33 some Regional roads to adequately accommodate existing and future traffic volumes; and The downtown needs to be accessible to all users by all modes. For example, more rail-to-trail projects should be planned in the downtown. Bicycle parking in the downtown should be provided in parking hubs strategically located in the core area. Economic Development Advisory Committee The committee advises council and staff on a broad range of economic development matters. They noted: The three main transportation issues facing the city are; 1) growth in traffic volumes including traffic from neighbouring cities, 2) alternatives are needed to the use of the private auto which is especially important for an aging population and 3) provision of an adequate parking supply in the downtown; and Surveys conducted of local industries (Corporate Visitation Surveys) show that traffic conditions are an issue for business, as well as transit scheduling to better serve the workforce. Kitchener Youth Action Council The KYAC is a group of young volunteers between the ages of 14 and 24 who work with the City of Kitchener acting as a voice for Kitchener youth and raising awareness of issues that affect youth. KYAC members work to ensure that Kitchener is a fun, safe place for youth to live, and to recognize the contributions youth make to our community. They noted: Transit headways, punctuality and amount of service on busy routes are important to youth; Road design, surface conditions and proximity to motor vehicles deter many youth from cycling on roads; and Road design in Kitchener often makes it easy to speed. 2.5 Summary of Main Consultation Messages Those members of the public, stakeholder and agency representatives who provided input into the development of this TMP though the PIC, advisory committee meetings, the project web site or by contacting Project Team representatives offered the following main messages for transportation master planning in the City of Kitchener: Make Regional Grand River Transit a more viable alternative for more people in and around Kitchener in part by having the City plan for transit supportive development;; Remove the limitations to cycling throughout the City; Enhance infrastructure for alternative modes of travel; JUNE 2013 Page 21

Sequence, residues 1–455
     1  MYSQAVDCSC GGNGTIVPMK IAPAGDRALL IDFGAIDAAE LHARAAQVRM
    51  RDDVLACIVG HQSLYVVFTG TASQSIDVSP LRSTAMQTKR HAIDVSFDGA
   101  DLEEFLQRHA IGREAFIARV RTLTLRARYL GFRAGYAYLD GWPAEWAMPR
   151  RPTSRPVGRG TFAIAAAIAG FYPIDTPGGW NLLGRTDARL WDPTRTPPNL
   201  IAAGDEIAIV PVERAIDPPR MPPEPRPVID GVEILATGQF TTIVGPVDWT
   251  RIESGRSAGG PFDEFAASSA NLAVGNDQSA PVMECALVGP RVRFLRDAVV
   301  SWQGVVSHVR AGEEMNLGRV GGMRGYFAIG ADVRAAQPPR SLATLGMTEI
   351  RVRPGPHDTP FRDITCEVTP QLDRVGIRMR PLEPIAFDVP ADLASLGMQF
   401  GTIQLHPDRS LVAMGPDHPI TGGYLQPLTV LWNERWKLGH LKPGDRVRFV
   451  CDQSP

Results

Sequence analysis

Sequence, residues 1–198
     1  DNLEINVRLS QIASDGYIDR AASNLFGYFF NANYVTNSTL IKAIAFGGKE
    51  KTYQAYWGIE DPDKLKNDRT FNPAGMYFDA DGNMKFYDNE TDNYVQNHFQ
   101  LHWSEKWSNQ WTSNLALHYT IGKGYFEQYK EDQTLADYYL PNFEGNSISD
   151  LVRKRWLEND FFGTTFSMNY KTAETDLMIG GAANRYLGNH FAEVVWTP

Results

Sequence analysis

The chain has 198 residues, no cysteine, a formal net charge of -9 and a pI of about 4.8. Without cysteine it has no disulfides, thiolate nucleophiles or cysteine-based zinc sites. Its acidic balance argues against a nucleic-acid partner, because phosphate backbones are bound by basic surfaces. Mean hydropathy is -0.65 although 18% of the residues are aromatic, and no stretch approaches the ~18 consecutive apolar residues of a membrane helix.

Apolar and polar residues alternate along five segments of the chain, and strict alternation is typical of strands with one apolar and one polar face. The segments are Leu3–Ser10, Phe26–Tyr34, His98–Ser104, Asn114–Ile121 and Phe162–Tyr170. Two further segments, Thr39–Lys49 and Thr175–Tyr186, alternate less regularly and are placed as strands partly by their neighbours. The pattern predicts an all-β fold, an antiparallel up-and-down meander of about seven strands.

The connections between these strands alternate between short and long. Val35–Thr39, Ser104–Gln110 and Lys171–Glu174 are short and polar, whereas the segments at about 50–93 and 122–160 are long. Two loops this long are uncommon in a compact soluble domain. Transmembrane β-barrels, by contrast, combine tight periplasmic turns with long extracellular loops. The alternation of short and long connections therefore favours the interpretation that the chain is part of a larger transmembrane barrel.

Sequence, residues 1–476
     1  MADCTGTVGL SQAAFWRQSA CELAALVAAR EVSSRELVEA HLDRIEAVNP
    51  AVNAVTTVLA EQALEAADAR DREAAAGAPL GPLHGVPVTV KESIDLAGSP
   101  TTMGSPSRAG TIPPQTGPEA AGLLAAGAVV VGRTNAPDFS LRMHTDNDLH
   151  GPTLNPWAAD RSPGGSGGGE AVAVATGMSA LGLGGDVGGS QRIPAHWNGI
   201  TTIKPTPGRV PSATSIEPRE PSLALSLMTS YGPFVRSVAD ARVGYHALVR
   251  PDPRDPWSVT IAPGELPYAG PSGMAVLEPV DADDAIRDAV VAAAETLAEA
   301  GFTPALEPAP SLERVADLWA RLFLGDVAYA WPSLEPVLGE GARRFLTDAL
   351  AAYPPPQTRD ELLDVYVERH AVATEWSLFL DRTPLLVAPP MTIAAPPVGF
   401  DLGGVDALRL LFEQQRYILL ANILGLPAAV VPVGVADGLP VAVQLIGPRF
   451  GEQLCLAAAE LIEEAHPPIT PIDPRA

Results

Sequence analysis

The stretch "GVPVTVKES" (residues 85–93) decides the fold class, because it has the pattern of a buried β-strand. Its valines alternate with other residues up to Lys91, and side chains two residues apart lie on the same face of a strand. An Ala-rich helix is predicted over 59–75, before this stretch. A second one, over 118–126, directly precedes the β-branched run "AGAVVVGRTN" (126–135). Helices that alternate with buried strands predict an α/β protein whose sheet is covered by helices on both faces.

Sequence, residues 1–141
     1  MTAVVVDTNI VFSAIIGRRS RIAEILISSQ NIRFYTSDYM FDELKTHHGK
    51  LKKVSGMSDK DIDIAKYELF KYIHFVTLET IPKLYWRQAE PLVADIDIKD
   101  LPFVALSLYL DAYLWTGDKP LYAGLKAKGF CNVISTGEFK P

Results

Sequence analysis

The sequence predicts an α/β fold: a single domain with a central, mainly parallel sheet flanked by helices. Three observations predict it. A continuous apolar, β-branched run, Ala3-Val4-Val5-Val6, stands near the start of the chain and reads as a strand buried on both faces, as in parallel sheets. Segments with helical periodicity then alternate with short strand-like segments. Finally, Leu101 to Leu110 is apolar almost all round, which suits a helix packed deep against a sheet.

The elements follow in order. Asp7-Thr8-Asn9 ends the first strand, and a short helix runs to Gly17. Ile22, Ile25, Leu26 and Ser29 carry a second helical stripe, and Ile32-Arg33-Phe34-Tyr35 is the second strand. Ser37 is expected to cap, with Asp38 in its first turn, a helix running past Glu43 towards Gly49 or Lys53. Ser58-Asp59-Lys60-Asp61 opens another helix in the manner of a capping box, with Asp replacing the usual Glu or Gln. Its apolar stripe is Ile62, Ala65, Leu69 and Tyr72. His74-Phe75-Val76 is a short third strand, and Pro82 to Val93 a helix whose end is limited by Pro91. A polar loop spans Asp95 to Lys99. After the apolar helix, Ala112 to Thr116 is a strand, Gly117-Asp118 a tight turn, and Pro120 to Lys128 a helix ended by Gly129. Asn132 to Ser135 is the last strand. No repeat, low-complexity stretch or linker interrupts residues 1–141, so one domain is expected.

34 Manage the impacts of seasonal weather on alternative modes of travel; Address the availability of funding to implement the TMP; Provide adequate lighting for travelers (all modes); Manage the negative and positive impacts of peak period traffic congestions; Recognize the impacts of traffic congestion on neighborhoods and the natural, built and socio-economic environments; Plan for and address the impacts of LRT in the City; Manage land-use implications and impacts on all modes of transportation; Find ways to reduce motorist speeds in the City; Find ways to maximize the people carrying capacity of the City s roadway network without road widening; Identify and address existing and projected safety concerns; Preserve major arterial road corridors for the efficient movement of vehicles; and Incorporate transportation demand management incentives into the development application and approval process. In general, the public and stakeholder response to the TMP project were very positive to the shift towards more transportation choice and the emphasis on active transportation. Some of the outcomes of the consultation process clearly show a desire for: An integrated network that allows people to walk, cycle and take transit; Ensuring walking and cycling routes connect to other routes in the network; Reduced traffic congestion on some key roadway and intersections in the City; and Provision of safer crossing opportunities of busy street. JUNE 2013 Page 22